Hey Precariat, We’re Burned

My name is Michael Westen. I used to be a spy, until…”We’ve got a burn notice on you. You’re blacklisted.” When you’re burned, you’ve got nothing: no cash, no credit, no job history. You’re stuck in whatever city they decide to dump you in. You do whatever work comes your way. You rely on anyone who’s still talking to you: a Trigger Happy ex-girlfriend; an Old Friend who used to inform on you to the FBI; family too — if you’re desperate. Bottom line: As long as you’re burned, you’re not going anywhere.

My new favorite binge-watch-while-reading-essays TV show is Burn Notice.  If you are unfamiliar, Burn Notice is the story of a “burned” CIA operative named Michael Westen who is stuck in his hometown of Miami trying desperately to get his government job back and to figure out why he lost it in the first place.  In the meantime, he freelances, using his particular set of skills (yes, I did write that in Liam Neeson voice, thanks for noticing)  to help people in difficult situations.  So what we have here, folks, is a highly (and expensively, as he points out) trained operative, flying solo without his accustomed institutional support, spotty and uncertain income, and an unaccountable desire to get back into the very organization that burned him.  Sound familiar to anyone?
Truly, I have been watching the show for pure entertainment for two and a half seasons (if you have watched all seven, back off for now, okay?).  And boy is it entertaining!  The writing is clever; the episodic plots have that detailed, con-artist sensibility that makes the audience feel smart; the cast is composed of alarmingly good-looking badasses.  All of the things that make for a good spy story are in play–Burn Notice is my kind of fantasy.  Then last night, I watched the episode entitled “The Hunter,” which has an appealing “The Most Dangerous Game” subplot, and more importantly, in which a broker of mercenaries tries to convince Michael that he needs such a broker because “a man with [Michael]’s skills is extremely valuable, and [the broker] wants to make sure that does not go to waste,” as “he is operating in Miami with no resources, no operational support. That’s no way to live.  It’s not safe.” Indeed.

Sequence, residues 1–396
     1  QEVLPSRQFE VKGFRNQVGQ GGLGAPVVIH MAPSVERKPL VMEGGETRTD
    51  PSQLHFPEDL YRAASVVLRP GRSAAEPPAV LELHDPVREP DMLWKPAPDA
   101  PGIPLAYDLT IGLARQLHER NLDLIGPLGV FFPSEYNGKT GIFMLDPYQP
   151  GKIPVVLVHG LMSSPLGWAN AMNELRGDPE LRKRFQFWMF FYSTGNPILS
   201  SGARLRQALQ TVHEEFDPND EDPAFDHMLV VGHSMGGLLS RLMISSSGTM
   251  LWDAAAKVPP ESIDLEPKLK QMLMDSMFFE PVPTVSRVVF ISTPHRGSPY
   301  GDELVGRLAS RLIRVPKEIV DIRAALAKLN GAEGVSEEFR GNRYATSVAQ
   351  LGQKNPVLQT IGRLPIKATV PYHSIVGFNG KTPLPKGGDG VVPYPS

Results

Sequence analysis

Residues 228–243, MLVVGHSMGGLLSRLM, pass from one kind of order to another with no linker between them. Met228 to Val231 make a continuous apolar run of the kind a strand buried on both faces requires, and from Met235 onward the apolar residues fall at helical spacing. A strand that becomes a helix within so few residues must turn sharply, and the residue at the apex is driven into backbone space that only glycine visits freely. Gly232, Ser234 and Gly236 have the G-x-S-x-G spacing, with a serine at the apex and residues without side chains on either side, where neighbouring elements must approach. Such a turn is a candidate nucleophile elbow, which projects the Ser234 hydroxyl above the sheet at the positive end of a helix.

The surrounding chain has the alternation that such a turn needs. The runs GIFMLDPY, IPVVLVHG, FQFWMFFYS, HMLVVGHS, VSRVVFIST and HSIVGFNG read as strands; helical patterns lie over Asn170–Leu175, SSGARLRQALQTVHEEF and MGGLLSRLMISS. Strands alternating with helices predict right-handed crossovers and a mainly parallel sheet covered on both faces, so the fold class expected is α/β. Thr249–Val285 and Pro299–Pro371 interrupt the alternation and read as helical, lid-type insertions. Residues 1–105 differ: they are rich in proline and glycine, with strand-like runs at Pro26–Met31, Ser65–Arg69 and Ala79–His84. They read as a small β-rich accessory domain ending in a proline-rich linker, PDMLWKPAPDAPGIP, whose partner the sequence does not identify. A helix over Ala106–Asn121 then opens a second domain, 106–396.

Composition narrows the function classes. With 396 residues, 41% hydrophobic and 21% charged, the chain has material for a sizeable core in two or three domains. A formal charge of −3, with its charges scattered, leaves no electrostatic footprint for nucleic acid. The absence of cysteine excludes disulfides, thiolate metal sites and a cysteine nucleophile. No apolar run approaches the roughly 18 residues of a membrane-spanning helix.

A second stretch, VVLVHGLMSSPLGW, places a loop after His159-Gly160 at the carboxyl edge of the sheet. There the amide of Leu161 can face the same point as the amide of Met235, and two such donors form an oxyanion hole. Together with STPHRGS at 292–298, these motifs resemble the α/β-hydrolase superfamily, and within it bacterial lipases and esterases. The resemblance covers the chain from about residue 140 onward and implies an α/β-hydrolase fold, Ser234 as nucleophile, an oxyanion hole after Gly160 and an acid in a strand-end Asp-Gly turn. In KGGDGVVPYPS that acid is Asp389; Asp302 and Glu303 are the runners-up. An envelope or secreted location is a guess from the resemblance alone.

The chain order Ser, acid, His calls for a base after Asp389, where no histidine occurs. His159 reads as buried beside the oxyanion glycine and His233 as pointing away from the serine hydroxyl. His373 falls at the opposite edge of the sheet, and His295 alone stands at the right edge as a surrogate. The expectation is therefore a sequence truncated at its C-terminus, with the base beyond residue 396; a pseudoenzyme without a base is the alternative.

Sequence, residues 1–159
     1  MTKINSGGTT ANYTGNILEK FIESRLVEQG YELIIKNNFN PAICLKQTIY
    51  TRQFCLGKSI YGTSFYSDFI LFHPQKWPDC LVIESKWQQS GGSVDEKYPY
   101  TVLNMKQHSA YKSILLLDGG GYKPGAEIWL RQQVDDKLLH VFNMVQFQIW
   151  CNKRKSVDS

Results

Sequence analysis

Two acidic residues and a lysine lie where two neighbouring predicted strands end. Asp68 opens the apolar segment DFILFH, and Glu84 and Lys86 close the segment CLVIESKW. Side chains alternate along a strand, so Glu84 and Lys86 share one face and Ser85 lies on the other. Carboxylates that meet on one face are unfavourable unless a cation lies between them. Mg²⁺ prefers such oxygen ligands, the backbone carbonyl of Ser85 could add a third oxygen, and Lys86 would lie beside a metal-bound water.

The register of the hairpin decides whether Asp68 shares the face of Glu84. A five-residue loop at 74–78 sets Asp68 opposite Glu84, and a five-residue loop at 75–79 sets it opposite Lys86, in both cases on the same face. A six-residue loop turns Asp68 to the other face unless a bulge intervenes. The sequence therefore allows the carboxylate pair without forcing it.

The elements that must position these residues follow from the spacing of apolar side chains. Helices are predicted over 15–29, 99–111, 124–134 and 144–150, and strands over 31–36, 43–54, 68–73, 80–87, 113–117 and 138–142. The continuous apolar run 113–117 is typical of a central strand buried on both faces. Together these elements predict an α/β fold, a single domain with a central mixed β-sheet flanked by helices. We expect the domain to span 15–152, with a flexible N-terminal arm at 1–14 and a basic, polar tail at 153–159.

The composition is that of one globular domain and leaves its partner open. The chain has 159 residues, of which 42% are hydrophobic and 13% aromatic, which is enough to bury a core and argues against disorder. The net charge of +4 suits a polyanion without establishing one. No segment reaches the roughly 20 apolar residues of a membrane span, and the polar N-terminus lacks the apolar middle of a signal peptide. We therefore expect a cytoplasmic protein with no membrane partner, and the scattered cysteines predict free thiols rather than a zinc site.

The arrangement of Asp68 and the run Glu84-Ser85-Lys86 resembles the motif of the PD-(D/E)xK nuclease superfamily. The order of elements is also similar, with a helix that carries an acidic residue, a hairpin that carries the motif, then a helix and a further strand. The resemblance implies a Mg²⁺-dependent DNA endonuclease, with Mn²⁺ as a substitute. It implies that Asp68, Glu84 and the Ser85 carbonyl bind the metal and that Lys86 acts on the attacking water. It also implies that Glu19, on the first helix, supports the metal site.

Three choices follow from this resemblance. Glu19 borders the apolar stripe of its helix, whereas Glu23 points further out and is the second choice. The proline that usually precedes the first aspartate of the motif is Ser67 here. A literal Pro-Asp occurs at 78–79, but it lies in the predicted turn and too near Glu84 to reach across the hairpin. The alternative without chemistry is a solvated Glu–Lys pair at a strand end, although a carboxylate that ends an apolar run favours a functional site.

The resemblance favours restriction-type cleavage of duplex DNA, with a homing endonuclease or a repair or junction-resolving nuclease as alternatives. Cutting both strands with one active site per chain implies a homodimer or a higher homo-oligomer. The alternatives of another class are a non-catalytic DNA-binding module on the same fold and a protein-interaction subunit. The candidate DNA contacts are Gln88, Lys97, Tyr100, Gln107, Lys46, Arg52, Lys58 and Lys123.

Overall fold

And with that, I dropped the essay I was grading and had a long think about this. Watching the show, I share his girlfriend’s frustration with his obsession.  Why would he want back in to an agency that has treated him so poorly? Left him at the mercy of his enemies and guys like Strickler (above)? Especially when he has found a way to make a living and use what he knows?

Oh dear.  I think I know why. Because to Michael, the skills he has, the rescues he engineers, and anything he accomplishes means nothing without the imprimatur of legitimacy that his old job provided.  Without that, he does not know his own value. He insists that he needs that protection and cover to make his work really worthwhile. Of course, the subplots of each episode demonstrate the flimsiness of that theory. He is far more valuable to the people he helps, his friends, and his family than he ever could be to the Agency. And yet…

And yet.  I sit here reading 51 essays, after my children are in bed, after my husband is in bed, with only the dog and Michael Westen for company.  I blog and I stew and I try to write when I can. The University, like the Company, does not really care how or when I get the job done, just that I do it.  They have no particular investment in me or my skills.  Like Michael, I’m ultimately expendable in service of bigger institutional goals, and I know it!  But I’m still here.

I left to get a PhD, then came back to the same job, just knowing that this time they would appreciate me, cultivate me as an asset. This is not going to happen.  No matter how many articles I write, classes I teach, committees I serve on, or programs I direct, I will never really be a Company Woman.  But did I ever really want to be?

The second season finale finds Michael Weston in a helicopter with a group of dark-suited representatives of a shadowy, unnamed government agency that has recruited him against his will do do their dirty work.  The leader of this group argues that without their protection, information network, and money that Michael will be at the mercy of every enemy he has ever made, and so will his family.  He insists that no amount of individual spycraft can keep him safe the way they can.  Should Michael refuse the offer, he says, “There’s the door.”  A straight, long drop from the helicopter into the ocean five miles from Miami Beach.  Michael chooses the plunge over the servitude.

Me?  I’m still sitting in the helicopter, waiting for a push.


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